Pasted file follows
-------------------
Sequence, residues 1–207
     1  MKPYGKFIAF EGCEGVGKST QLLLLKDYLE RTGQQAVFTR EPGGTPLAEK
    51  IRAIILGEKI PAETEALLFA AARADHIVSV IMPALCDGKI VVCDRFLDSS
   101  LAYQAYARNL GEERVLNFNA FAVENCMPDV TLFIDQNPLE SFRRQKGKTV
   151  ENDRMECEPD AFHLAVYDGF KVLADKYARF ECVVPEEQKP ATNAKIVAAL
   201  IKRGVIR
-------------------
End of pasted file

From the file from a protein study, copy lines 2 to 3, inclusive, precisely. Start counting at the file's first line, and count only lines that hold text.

     1  MKPYGKFIAF EGCEGVGKST QLLLLKDYLE RTGQQAVFTR EPGGTPLAEK
    51  IRAIILGEKI PAETEALLFA AARADHIVSV IMPALCDGKI VVCDRFLDSS